Audits and Reviews

1. Minimal regulatory requirements are met, and financial audits are carried out. Don't do HSE audits, except after a major accident. 2. Operations are audited after serious or fatal accidents. May be audited by regulators or audit contractors, but don't usually audit themselves, and if they do, omit less risky areas. No schedule for audits and reviews, they are seen as a punishment. 3. There is a regular, scheduled audit program, but it is superficial. It concentrates on high hazard areas. Don't willingly audit themselves, but happily audit others. 4. Extensive audit program including cross-auditing within the organisation. Audits are seen as positive. 5. Search for non-obvious problems with self and cross audits. There is good follow-up of audits. There are fewer audits of hardware and systems, more at the level of behaviours.

Incident/accident reporting, investigation and analysis

1. C over up of incidents is common. Investigation only takes place after a serious accident. Don't consider human factors; don't do more than is legally required; don't look beyond protecting the company and its profit. 2. Define zero accidents as the desired state. Lay down a paper trail to show an investigation has taken place. Has some informal reporting system. There is no reporting system that can get at root causes. There is no systematic follow through, and previous similar events are not considered. 3. Lots of information is collected and filed. The company has detailed investigative procedures, and may suffer information overload. The company pays attention to root causes. There is no systematic follow through on the findings and recommendations. The investigation and its results do not go beyond the local workforce. 4. Reports are sent company wide in order to share information and lessons learned. There are trained investigators, and a systematic follow-up to check that change has occurred and been maintained, but this is not always done. There is no focus on incident potential, or looking at the total of hazard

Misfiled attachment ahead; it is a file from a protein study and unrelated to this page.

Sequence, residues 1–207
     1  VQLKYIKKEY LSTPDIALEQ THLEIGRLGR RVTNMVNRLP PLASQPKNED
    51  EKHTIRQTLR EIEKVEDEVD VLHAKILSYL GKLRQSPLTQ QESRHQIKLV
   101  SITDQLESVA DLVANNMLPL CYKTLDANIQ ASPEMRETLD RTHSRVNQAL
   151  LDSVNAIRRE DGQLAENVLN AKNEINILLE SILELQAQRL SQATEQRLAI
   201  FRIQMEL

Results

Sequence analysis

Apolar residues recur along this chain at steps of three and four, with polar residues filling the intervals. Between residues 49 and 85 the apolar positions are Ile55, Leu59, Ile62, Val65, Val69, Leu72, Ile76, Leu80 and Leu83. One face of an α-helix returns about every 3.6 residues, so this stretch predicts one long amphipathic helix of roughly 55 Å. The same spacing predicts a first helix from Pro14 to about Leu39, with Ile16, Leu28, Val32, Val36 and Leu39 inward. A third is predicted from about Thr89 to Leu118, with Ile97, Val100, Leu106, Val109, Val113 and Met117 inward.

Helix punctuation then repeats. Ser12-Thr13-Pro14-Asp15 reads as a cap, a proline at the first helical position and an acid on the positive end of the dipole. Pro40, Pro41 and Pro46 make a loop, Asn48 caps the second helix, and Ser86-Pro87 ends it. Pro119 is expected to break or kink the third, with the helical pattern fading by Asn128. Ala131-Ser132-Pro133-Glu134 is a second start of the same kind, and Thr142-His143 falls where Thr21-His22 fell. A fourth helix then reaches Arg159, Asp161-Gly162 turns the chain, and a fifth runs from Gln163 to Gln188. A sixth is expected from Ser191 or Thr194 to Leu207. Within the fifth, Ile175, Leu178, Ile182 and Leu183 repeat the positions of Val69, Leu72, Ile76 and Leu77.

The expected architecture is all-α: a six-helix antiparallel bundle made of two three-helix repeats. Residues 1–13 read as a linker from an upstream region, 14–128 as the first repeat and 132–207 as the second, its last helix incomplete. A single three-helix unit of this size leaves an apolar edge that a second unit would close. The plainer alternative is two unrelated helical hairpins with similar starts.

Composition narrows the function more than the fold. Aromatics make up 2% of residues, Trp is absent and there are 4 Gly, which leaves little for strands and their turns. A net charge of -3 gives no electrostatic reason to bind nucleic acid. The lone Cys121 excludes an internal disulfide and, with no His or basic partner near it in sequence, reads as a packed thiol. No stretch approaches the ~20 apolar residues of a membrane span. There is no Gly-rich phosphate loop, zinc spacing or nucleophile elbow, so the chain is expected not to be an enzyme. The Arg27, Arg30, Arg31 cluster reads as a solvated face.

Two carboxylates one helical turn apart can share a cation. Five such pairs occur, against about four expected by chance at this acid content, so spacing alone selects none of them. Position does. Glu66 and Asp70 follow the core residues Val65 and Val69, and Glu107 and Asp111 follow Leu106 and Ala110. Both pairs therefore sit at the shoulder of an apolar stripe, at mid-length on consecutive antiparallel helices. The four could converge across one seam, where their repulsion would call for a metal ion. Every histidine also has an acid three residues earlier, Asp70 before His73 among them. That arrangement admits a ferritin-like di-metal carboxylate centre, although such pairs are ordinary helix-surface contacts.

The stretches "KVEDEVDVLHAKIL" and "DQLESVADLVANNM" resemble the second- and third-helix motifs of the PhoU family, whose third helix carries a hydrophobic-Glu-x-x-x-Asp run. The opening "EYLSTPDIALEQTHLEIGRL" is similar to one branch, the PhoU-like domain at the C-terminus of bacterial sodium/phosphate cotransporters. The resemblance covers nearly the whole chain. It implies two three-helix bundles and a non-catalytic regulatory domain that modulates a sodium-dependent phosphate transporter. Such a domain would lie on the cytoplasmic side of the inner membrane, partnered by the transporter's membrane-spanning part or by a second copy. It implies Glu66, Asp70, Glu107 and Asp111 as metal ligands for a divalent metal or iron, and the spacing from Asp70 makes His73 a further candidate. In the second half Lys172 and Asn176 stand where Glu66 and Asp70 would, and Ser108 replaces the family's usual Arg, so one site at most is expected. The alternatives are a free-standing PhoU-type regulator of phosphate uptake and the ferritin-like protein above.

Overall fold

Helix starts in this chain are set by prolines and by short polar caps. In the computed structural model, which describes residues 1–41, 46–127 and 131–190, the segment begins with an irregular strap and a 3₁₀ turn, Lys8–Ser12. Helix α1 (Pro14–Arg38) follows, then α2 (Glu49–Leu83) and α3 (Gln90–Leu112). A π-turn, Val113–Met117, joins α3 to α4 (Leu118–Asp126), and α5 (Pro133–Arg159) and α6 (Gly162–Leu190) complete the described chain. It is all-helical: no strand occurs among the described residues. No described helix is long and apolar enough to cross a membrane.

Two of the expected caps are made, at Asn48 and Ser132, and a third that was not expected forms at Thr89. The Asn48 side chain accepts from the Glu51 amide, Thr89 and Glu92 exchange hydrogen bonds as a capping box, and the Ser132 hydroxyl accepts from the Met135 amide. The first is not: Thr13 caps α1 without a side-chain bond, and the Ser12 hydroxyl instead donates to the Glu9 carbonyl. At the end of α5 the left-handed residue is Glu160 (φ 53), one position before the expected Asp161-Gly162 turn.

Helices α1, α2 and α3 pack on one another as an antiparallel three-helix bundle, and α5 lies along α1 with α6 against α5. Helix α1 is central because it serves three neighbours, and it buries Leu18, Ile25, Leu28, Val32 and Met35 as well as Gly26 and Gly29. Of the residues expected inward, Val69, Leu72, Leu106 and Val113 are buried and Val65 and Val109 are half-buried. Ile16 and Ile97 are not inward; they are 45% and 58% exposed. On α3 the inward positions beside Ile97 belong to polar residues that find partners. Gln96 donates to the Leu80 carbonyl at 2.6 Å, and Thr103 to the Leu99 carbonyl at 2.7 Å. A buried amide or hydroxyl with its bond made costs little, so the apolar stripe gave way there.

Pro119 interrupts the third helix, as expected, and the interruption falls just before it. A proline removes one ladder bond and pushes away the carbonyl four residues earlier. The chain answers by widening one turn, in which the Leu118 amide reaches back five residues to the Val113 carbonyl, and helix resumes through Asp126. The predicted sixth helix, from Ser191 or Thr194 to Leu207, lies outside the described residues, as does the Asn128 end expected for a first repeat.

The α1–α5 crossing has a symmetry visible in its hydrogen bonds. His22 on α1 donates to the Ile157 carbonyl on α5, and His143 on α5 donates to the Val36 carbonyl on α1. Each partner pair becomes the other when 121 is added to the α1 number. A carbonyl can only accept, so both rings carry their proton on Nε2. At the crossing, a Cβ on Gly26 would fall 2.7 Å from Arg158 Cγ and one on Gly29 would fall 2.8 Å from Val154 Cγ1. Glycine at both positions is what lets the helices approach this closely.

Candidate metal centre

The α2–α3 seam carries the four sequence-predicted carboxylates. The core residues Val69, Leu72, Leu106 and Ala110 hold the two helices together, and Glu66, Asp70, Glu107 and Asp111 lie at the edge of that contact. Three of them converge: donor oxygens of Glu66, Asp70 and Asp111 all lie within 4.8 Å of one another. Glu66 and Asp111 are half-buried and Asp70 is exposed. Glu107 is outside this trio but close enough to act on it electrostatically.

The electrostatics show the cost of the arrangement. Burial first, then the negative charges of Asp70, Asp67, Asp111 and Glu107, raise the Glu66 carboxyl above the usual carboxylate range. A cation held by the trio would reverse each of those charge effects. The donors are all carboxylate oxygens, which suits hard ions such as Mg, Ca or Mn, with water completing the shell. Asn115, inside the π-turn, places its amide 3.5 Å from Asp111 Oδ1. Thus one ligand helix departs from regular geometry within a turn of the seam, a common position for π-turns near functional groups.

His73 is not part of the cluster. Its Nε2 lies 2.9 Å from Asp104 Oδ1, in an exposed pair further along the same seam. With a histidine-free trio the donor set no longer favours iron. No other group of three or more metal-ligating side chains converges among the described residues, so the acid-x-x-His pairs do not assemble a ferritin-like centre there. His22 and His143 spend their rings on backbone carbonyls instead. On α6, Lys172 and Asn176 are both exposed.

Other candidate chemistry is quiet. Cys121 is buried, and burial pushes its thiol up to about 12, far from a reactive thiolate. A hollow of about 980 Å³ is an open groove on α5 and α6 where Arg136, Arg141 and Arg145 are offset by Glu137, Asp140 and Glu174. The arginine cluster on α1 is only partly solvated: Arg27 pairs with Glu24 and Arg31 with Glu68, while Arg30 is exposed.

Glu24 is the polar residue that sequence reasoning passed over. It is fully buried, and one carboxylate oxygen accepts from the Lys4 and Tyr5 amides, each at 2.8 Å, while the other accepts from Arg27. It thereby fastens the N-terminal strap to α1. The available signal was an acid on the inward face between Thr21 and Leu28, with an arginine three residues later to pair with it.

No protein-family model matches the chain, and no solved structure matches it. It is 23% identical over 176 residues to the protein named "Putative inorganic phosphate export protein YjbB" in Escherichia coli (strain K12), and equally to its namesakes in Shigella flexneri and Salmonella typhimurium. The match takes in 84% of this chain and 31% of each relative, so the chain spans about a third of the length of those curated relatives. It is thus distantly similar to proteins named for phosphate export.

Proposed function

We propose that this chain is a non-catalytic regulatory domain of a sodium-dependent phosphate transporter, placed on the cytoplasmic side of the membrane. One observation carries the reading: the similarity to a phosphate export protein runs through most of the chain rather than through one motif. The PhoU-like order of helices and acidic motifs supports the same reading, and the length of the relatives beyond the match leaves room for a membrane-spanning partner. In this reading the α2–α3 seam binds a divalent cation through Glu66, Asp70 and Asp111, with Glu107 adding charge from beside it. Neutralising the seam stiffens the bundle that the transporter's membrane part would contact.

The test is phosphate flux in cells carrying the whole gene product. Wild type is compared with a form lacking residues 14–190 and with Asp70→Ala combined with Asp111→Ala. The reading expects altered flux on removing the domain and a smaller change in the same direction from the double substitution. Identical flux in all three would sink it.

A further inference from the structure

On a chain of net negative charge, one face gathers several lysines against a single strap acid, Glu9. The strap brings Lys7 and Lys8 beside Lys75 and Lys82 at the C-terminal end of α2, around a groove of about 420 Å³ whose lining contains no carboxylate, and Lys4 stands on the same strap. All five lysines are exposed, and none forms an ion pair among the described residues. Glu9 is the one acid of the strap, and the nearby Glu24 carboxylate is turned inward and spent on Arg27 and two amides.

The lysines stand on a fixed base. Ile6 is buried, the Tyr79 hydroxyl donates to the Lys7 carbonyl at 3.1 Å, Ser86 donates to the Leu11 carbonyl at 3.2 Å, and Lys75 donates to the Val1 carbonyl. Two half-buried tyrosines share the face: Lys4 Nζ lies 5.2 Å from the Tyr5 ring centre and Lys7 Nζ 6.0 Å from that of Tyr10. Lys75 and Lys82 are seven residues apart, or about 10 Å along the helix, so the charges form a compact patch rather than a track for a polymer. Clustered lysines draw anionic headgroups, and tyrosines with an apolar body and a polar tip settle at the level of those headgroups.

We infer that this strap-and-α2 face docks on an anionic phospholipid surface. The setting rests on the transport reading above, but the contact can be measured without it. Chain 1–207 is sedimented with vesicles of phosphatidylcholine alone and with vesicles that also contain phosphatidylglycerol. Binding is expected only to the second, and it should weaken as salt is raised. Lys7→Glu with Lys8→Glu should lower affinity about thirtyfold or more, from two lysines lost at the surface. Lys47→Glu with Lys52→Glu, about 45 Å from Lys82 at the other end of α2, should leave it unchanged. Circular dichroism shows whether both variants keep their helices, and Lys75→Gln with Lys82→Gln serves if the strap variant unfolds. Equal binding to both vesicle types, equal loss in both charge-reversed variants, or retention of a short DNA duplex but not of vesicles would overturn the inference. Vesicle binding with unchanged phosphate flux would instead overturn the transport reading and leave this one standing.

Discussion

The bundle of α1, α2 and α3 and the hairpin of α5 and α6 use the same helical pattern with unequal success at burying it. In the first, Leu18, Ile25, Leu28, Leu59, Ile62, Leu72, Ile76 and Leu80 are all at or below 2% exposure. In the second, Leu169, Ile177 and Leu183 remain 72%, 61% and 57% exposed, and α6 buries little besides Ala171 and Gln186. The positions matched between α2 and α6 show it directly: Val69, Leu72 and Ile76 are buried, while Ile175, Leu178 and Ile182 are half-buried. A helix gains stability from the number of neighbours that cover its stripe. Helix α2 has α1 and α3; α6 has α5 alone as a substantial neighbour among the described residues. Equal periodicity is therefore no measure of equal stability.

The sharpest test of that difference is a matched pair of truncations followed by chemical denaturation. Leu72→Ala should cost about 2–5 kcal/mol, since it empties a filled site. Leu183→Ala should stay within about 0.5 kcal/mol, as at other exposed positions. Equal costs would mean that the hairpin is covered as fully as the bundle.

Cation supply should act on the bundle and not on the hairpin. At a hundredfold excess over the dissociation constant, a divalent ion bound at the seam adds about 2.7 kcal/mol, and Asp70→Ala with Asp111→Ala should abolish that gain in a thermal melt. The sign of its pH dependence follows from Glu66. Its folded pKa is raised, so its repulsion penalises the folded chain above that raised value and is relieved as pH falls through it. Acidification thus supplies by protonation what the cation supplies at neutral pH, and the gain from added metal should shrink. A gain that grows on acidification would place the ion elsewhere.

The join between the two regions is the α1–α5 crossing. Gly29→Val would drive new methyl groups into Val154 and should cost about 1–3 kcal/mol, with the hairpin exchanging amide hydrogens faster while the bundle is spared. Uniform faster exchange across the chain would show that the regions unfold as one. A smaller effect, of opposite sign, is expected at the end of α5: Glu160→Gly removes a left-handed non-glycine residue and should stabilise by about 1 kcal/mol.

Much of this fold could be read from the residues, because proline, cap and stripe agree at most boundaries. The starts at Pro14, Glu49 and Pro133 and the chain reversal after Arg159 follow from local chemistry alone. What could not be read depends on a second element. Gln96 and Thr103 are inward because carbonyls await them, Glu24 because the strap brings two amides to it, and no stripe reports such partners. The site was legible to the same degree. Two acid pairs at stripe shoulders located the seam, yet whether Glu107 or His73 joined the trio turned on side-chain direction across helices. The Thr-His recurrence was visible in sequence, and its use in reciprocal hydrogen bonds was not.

but this is not always done. There is no focus on incident potential, or looking at the total of hazard reports, near misses, incidents and accidents. 5. Data is aggregated across business functions to look for trends and issues that need to be addressed. There is a systematic follow up to check that change has occurred and has been maintained and it is always used.